Farmers Market Finds: Strawberries!

It was a slow, quiet morning at the farmers market today. Partially because of the intermittent rain and the Easter holiday. Even though, I literally only had 30 minutes to get to, shop, and return from the farmers market, I decided it was worth the hustle. The alternative would have been to make time to shop at the grocery store for the week. I resist going to the grocery store, because the quality and prices of the produce just are not as good as what I get at the farmers market. Let’s just say I have been spoiled by shopping consistently at the farmers market for over 3 years now. Plus, I like to see all my farmer friends weekly.

It’s definitely full-blown spring now. Strawberries, artichokes, English peas, asparagus, avocados, fava greens, spring onions, green garlic, fresh herbs, and ramps are just some of the vegetables and fruits you will find at the stalls and stands. I’ve already pinned many recipes to include these vegetables in our diet. Photo Mar 31, 11 12 12 AM

Organic strawberries are just coming into season. Serendipity Farms

Strawberries are one of the fruits I refuse to buy non-organic. The 54 or so pesticides sprayed on strawberries are outrageous and dangerous for your health, the health of the farm workers, and the health of the environment. Tokyo-based Arysta LifeScience Inc, the company producing the fumigant pesticide methyl iodide, decided to pull out distribution in the United States after a year-long battle with farm workers, consumers, scientists, and environmentalist. However, Arysta still continues to market methyl iodide in other countries for strawberries and other crops. This means methyl iodide can still end up in the United States, which is another reason to eat local fruits and vegetables.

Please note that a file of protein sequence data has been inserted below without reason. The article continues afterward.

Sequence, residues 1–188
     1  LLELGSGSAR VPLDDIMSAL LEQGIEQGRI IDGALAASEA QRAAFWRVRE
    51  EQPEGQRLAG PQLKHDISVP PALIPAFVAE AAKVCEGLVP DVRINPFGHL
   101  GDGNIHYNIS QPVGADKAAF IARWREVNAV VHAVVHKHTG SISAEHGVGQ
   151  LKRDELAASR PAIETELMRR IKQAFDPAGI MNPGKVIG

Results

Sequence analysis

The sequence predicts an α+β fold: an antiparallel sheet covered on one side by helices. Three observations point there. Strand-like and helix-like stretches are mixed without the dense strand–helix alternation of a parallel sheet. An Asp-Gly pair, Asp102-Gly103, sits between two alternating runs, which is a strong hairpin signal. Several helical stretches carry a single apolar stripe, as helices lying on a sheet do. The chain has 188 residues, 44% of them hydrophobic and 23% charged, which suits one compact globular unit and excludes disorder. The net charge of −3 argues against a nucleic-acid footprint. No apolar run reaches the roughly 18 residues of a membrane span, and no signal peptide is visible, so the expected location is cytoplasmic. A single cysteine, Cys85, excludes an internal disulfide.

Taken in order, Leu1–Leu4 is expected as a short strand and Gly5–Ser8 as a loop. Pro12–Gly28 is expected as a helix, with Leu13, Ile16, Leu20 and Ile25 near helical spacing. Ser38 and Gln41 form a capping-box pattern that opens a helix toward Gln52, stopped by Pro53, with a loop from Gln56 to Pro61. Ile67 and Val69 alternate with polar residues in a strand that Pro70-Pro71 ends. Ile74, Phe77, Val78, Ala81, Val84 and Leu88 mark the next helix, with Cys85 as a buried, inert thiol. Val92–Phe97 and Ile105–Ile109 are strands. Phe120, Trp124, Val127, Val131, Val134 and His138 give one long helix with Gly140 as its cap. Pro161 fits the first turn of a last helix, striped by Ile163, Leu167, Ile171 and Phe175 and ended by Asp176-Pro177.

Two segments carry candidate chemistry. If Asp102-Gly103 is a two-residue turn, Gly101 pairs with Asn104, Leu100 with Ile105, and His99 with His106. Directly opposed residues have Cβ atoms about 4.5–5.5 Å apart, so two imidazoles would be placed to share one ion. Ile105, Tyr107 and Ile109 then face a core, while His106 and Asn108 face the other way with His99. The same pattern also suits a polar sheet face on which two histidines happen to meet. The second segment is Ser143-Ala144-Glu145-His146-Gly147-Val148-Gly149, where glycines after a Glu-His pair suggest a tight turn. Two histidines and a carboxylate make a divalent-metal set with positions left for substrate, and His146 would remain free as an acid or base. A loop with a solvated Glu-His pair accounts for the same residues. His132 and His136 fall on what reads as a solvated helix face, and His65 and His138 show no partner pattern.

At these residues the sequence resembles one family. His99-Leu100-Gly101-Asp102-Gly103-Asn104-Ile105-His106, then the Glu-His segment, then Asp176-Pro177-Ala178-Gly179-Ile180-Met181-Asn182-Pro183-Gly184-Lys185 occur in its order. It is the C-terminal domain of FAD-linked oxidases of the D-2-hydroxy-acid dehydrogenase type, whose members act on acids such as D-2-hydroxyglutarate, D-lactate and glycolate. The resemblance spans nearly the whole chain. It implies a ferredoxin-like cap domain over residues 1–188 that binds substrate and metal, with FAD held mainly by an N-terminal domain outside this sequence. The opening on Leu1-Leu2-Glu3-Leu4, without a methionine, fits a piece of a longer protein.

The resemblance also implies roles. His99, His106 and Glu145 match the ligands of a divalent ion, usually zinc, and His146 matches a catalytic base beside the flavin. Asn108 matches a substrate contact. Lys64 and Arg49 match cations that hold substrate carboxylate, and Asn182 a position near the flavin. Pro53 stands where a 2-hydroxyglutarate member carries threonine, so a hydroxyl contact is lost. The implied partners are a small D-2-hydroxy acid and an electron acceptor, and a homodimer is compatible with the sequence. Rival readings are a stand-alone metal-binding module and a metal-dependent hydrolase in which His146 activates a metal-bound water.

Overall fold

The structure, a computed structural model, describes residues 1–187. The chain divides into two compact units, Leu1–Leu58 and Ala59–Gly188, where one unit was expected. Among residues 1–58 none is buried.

I liked eating strawberries as a kid, but most of the time ate them because my parents made us. I am pretty sure I was not eating local, seasonal, or organic strawberries most of the time. Some of the times the strawberries were super sweet and delicious, but other times the strawberries left a bad taste in my mouth. I remember telling my dad one day to stop buying strawberries and he was really surprised. Maybe, he thought all kids like the cute fruit and should eat them. Aside from the bad taste in my mouth, I started experiencing a tingling sensation on my lips, inside of my cheeks and tongue. It was not until I discovered farm fresh, seasonal, organic strawberries that I fully enjoyed them again. I have not experienced the tingling sensation again. I really do think it has to do with all the pesticides that are sprayed on conventional strawberries.

Photo Mar 17, 12 42 19 PM

There are many varieties of avocados other than Haas, something I only learned by shopping at the farmers market. The produce at the grocery store can get monotonous. Avocados really come into season during spring through autumn. They are not natural in the winter as they need warm climates to grow, something to keep in mind when you eat those guac and chips at Super Bowl parties.

Photo Mar 31, 11 14 18 AM

Beautiful, colorful radishes at Happy Boy Farms.

Photo Mar 31, 11 33 05 AMThe market basket, my Instagram post of the day.

What do you plan to cook this week?

 

Farmer’s Market Find: Strawberries and Asparagus!

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We got the first crop of strawberries and asparagus already! Subtle signs that Spring isn’t too far away.  I am not entirely sure, but I think the two strawberry vendors at today’s market were from Southern California, where the weather is much warmer than here. Strawberries are just lovely, but they have a really thin, delicate outer and absorbs the pesticides and is listed number 1 in EWG’s Dirty Dozen list. The Dirty Dozen lists fruit and vegetables exposed to the most pesticides. I will have a lot more on the strawberry issue soon enough- California did silently pass the use of methyl iodide, scientifically proven to be very dangerous.